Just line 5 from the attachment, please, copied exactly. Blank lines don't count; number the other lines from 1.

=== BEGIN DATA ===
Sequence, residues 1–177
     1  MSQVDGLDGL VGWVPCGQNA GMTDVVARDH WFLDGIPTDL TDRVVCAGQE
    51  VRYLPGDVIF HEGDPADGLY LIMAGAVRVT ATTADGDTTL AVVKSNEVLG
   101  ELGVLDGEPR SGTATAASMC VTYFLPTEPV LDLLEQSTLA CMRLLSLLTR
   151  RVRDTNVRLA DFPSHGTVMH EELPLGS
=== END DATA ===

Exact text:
   151  RVRDTNVRLA DFPSHGTVMH EELPLGS